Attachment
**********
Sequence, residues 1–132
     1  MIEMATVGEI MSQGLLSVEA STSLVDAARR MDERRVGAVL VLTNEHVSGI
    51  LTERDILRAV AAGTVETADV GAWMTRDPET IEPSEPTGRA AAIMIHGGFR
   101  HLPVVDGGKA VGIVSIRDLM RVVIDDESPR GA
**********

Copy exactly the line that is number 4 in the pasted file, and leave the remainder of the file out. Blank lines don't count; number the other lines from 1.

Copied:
   101  HLPVVDGGKA VGIVSIRDLM RVVIDDESPR GA